How to handle Discussion Dominators

part of the Facilitate Better "How To" series

Estimated reading time: 4 minutes, 30 seconds.

When facilitating exceptionally verbal participants in a meeting or workshop, you may find yourself thinking, “Will. You. Please. Shut. Up?”

No?  Just me?

Actually I rarely think that. I am instead thinking about the value of the content being shared in relation to the overall conversation, looking to how others in the group are reacting to these individuals, and considering why a select few individuals are so verbal.

Silencing a participant in front of others is fraught with pitfalls. No doubt this is why dealing with discussion dominators is one of the top issues I’m asked about in my facilitation workshops.

This post focuses on dominance in terms of volume of participation. It is important to note though that even an occasional participant comment can be done in a style or tone that is perceived as dominating or aggressive, one that silences others. That’s a subject for another time.

While I have yet to invent a mute button that facilitators can use on participants, here are four practical tips for facilitating more equitable engagement:

1. Shift your focus.

Instead of silencing or reducing the verbal participation from some, focus on increasing the verbal participation from others.  Here are several possible invitations to participants.  Notice how they move from broad to more narrow.

“I’d love to hear from people who have yet to comment.”

“I’d love to hear from some folks at the back three tables.”

“I’d love to hear from people on the customer service team.”

“I’d love to hear from Karin, Antoine, Manny, or Susanna.”

“I’d love to hear from everyone on this, so we’ll do a quick go around.  Feel free to pass or simply ditto/echo a previous comment if you have nothing to add.”

If gathered in person, physically moving a bit closer to those invited often generates more responses as they feel more accountable to answer. Just be careful to not shine too bright a spotlight on people so that it becomes awkward.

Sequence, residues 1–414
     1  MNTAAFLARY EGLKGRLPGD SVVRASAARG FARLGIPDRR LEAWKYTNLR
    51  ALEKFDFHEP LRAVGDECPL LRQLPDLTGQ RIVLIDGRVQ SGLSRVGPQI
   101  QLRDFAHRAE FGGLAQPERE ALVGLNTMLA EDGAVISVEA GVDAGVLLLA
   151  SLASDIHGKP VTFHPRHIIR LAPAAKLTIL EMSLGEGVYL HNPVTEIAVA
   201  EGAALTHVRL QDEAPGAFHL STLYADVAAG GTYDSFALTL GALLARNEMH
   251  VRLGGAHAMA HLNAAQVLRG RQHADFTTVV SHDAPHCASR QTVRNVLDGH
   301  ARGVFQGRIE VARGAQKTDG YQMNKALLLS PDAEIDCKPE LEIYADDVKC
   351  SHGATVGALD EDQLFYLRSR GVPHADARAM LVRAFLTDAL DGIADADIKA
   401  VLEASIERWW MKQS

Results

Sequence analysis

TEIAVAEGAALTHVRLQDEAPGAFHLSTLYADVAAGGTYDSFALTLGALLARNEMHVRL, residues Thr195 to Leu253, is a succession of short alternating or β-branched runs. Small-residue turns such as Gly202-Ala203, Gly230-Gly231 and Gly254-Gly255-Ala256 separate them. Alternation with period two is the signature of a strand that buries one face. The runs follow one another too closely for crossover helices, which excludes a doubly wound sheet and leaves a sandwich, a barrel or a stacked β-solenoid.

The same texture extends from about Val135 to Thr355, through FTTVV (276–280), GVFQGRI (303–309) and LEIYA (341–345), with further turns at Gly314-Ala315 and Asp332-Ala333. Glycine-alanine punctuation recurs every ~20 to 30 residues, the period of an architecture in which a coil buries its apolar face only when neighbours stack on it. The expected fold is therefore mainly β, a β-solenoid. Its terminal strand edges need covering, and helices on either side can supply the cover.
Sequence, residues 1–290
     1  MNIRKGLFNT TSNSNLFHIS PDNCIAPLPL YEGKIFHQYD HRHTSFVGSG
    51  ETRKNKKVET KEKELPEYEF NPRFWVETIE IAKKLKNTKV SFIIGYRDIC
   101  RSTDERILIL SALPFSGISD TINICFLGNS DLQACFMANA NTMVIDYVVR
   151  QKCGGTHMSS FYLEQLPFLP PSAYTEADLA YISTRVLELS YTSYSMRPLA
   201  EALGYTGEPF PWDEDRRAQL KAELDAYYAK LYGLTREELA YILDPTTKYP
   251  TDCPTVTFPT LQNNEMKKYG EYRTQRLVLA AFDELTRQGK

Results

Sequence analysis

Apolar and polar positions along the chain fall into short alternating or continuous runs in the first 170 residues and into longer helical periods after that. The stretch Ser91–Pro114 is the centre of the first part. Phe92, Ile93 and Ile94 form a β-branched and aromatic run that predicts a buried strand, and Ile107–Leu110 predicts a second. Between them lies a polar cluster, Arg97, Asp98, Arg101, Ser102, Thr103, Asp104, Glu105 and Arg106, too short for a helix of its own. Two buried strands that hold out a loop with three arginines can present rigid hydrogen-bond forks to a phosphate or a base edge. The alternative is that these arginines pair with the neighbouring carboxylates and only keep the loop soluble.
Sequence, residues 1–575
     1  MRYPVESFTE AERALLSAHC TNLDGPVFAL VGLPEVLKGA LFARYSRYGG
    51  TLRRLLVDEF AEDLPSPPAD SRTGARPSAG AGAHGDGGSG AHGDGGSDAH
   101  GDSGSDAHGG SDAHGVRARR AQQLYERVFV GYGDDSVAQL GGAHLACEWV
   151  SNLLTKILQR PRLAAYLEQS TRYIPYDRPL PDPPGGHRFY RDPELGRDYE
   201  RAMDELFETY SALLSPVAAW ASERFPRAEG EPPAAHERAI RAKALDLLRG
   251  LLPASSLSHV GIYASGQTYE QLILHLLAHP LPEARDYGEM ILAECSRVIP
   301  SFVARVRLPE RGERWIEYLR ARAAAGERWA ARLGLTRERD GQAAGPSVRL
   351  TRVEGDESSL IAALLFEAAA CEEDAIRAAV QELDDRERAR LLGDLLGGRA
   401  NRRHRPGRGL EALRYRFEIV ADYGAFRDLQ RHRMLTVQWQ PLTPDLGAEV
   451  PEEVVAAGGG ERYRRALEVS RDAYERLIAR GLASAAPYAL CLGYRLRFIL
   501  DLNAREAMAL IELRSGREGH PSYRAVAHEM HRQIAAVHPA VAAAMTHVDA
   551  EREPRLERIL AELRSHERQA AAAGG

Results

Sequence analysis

2. Shift the participation format.

Extroverts tend to think out loud more, so open discussion privileges that style of contribution. Shifting to a hybrid format that first favors introversion may draw out contributions from those who currently participate silently.

Do a Think-Pair-Share

Have everyone write down a response to a question. Invite people to form pairs (or triads or quartets) and discuss their responses. Have people repeat with new partners as desired. End with open facilitated discussion.

Do a Gallery Wall (space permitting)

Have everyone write down a response to a question on an index card and post it in a designated area.  Invite people to silently read everyone’s responses. Reconvene participants for a facilitated large group discussion.

Do a Read-Pass-Reflect

This is the nonverbal equivalent of a verbal go around or gavel pass. Have everyone write down a response to a question on an index card. Gather all the cards, shuffle, and redistribute. Have people silently read their new card, pass it to another person, and read the card passed to them. Repeat as many rounds as desired. Invite people to reflect on the different perspectives they read. Close with facilitated open discussion.

3. Shift your perceptions.

We shouldn’t assume that a few people speaking more than others is automatically a bad thing, but instead should explore possible meanings of the behavior. Drawing on the differences between observations and inferences (more on these in a future post) helps us do so.

Observation (objective):

Carl, Tim, and Heather are verbally participating more than others.

Inference (subjective):

Carl, Tim, and Heather are dominating the group and keeping others from speaking.

What are possible alternative inferences about why these three are disproportionately speaking in the group?

  • They are trusted colleagues and/or subject matter experts and others value listening to their insights.

  • They have more experience with the question or issue being discussed and can contribute more quickly.

  • They care more deeply about the question or issue.

  • Others did not prepare as much in advance as these three did.

  • Others have contrary opinions, but don’t feel the needed psychological safety to offer them in the group.

  • They have primary responsibility for the issue under discussion.

Broadening possible inferences for any behavior observed increases the breadth of facilitation responses you might consider.

4. Pause the heavy participators.

As noted earlier, this choice can be a bit dicey, but it can work well if done in a supportive rather than punitive manner:

“I see hands up from Carl, Tim, and Heather.  You know what? They’ve done a lot of heavy lifting in the discussion so far, so I’d like them to mute themselves for a moment while we hear from some of the rest of you.”

You might then turn to one of the previously mentioned invitational phrases to draw out specific participants. Notice the intentional, but subtle difference between “I’m going to mute them for a moment” and “I’d like them to mute themselves for a moment.” The former is a directive; the latter is an invitation, one I find is generally accepted.

Bottom line?

When you find yourself struggling with how to respond to a participant or group dynamic, try on any of these shifts to expand the responses you consider. And for Discussion Dominators, instead of silencing individuals, reframe the situation and first focus on creating more equitable and varied participation.

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